I figured I would delve into this in an objective manner, and provide parallels in Missouri law.
There are three elements to prove 2nd Degree Murder in Florida: (1) the victim is dead; (2) the death was caused by the criminal act of the defendant; and (3) an unlawful killing occured in an immenently dangerous manner, demonstating a depraved mind without regard to human life.
(1) Trayvon Martin is dead.
(2) Trayvon Martin is dead because George Zimmerman shot him.
(3) The central factor in this trial comes down to the 3rd element of 2nd Degree Murder. There are three elements to demonstrate this: (a) an ordinary person would be reasonably certain to know the act would cause death or serious bodily injury; (b) the act was done with ill will, hatred, spite, or evil intent; and (c) the act itself indicates an indifference to human life.
(a) An ordinary person should be reasonably certain that firing a gun in the direction of another, at close range, could cause death or serious bodily injury.
(b) & (c) The trial will revolve around these two factors.
I do not have the facts of the case, and cannot make an objective assessment of whether (b) applies. Presumably, and in light of the prosecution's failure to include the lesser offenses in the Casey Anthony case, the prosecution would include the lesser offenses in this case. 'Culpable negligence,' as opposed to ill will et al., must be proved for a charge of manslaughter, but Florida's 'stand your ground' defense would probably negate this factor of the unlawful killing element.
As to (c), I am reasonably sure that a successful 'stand your ground' defense would also abrogate this factor and the element of unlawful killing, as the indifference to human life would be countered by the preservation of one's own life.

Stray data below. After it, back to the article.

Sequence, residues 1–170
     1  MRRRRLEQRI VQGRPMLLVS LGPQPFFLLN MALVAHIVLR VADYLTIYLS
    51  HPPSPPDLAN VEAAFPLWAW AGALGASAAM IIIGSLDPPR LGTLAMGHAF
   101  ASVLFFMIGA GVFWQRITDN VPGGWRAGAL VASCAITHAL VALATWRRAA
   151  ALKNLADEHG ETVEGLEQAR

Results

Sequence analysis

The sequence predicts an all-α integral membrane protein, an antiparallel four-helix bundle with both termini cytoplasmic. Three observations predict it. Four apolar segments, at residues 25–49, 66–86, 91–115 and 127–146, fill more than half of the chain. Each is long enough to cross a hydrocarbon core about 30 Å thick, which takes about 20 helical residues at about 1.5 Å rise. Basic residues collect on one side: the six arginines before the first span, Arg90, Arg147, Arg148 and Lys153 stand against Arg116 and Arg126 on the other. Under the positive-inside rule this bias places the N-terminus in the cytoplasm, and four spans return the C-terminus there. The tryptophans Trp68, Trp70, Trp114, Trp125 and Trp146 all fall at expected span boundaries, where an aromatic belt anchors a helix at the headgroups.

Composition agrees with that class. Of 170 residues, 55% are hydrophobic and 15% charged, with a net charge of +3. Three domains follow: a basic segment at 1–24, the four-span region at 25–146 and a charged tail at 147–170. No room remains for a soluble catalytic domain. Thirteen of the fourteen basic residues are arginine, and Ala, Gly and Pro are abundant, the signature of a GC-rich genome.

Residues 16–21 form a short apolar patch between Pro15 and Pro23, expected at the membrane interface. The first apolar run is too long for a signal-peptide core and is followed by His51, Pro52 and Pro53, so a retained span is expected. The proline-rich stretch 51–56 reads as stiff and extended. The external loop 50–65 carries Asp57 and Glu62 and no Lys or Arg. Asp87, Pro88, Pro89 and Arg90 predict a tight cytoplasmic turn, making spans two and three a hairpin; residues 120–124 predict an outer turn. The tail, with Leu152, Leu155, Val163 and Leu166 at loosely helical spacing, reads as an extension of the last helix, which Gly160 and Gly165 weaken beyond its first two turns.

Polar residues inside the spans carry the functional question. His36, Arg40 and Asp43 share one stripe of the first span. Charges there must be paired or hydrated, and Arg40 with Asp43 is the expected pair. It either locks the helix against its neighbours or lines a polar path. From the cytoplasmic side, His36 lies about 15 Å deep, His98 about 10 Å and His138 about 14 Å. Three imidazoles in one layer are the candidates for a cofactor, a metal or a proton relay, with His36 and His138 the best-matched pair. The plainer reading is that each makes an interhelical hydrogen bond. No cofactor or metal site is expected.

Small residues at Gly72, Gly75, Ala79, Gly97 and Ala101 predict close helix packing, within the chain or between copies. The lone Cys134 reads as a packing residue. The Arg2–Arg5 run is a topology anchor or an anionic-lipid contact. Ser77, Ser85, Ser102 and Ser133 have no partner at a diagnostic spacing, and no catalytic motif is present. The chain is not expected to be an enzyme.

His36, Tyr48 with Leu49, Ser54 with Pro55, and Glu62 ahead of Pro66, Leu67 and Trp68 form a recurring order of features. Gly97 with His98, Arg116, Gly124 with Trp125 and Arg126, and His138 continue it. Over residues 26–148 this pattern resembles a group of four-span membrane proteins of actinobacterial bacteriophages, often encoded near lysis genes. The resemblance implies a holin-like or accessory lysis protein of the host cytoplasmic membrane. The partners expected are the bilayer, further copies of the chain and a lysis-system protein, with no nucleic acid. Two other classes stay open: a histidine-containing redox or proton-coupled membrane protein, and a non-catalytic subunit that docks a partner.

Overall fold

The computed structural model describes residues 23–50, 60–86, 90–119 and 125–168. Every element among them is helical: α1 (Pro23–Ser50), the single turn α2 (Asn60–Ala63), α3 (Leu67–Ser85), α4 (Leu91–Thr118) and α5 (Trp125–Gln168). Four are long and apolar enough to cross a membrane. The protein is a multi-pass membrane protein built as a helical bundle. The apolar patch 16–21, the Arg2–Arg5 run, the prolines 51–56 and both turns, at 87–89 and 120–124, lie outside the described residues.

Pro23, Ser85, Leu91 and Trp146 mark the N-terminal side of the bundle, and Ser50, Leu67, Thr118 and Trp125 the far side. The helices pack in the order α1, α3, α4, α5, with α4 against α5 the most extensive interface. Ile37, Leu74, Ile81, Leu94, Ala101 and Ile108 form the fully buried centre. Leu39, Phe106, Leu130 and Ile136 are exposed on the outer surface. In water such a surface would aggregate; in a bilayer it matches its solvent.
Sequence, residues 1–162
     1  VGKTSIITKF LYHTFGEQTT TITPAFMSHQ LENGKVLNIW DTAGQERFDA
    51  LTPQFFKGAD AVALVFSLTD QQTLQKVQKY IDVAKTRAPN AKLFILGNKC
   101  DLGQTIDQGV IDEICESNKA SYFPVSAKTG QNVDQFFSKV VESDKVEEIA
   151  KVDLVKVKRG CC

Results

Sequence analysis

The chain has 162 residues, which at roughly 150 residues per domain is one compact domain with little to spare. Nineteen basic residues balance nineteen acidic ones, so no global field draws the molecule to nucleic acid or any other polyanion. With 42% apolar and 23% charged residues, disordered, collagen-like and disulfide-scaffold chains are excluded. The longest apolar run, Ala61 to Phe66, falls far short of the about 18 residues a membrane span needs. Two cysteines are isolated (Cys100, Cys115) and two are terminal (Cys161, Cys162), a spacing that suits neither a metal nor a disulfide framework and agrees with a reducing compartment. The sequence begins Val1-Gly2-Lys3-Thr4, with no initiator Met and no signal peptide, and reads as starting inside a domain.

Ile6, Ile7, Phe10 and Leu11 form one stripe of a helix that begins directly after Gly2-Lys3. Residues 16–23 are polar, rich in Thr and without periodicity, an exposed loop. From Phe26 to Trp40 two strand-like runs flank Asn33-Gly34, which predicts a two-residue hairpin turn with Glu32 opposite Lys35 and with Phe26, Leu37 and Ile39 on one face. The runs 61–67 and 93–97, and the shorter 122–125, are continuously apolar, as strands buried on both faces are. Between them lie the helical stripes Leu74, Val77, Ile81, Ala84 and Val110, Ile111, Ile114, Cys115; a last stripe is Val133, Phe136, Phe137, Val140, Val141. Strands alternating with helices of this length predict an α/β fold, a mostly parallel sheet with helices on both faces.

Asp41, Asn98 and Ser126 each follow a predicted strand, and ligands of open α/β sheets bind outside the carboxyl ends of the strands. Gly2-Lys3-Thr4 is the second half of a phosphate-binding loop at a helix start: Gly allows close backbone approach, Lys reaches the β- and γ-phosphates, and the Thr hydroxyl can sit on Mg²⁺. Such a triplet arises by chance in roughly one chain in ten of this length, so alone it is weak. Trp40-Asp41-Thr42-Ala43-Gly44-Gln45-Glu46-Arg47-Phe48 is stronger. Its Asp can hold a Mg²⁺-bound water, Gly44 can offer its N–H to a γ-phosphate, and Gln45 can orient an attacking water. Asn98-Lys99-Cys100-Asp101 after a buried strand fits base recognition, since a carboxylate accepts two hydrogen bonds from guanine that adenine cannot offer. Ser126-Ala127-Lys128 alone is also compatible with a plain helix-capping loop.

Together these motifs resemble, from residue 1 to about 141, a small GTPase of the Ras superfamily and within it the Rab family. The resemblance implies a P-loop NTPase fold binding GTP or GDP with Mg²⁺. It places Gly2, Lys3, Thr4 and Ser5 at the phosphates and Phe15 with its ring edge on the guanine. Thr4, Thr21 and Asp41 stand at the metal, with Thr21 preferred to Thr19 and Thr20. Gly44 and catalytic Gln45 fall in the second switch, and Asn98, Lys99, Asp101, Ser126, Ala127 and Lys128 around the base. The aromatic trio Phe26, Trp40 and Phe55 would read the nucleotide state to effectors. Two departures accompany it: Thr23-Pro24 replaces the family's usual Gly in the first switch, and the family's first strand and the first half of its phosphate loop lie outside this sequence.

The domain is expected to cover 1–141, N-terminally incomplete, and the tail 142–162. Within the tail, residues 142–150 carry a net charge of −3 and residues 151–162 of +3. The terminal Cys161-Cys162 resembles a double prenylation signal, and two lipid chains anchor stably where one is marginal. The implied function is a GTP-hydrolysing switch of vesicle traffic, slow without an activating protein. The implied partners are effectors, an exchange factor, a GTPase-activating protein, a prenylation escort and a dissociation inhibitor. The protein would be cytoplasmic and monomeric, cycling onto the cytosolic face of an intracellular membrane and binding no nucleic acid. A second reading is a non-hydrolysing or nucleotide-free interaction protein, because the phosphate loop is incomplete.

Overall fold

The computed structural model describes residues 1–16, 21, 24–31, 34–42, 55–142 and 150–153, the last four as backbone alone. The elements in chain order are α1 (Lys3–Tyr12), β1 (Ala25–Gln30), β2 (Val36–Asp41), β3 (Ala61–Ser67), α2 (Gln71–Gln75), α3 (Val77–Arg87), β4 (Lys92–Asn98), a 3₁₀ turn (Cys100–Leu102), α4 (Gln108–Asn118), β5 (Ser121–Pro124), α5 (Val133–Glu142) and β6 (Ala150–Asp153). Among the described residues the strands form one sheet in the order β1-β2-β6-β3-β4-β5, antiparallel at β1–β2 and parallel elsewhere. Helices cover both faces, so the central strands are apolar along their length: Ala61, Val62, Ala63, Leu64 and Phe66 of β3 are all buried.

The 'stand your ground defense' requires that one "reasonably believes that such force is necessary to prevent imminent death or great bodily harm." Again, I do not have the relevant facts (and we can be assured the press does not have them either), but this defense would certainly be available to George Zimmerman. From what I understand, a judge could throw out the case immediately should that judge believe the defense is justified, but this will most likely be avoided as judges are elected in Florida (this is not an argument against abolishing the Missouri Plan) and a jury will likely determine whether the defense is justified.
In my personal opinion, if reasonable doubt exists as to whether George Zimmerman initiated contact with Trayvon Martin, I do not believe the prosecution will be able to prove 2nd Degree Murder. If the jury believes George Zimmerman caused a confrontation with Trayvon Martin, regardless of initiation, I believe a jury could find him guilty of manslaughter. That being said, the 'stand your ground defense' could nullify either charge.
Of course, none of this may preclude civil proceedings (think OJ Simpson), so one should not assume that a 'stand your ground' defense is an absolute bar to any punishment for George Zimmerman's action. Do not take my word for it, as I have not located the relevant statutes, but I believe George Zimmerman's 'stand your ground' defense would only be a partial bar to damages.
If this had occured in Missouri, 2nd Degree Murder requires that the defendant "knowingly causes the death of another person, or with the purpose of causing serious physical injury to another person, causes the death of another person." Missouri's standard appears a little easier to prove. And the 'stand your ground' defense only applies if the person asserting the defense was on property he owned or leased.
In Missouri, George Zimmerman would probably be found guilty under the known circumstances of the event. Now assume the facts show George Zimmerman acted lawfully in Florida, and ask yourself whether it would be just for a similar individual to be convicted of 2nd Degree Murder in Missouri, as a thought experiment.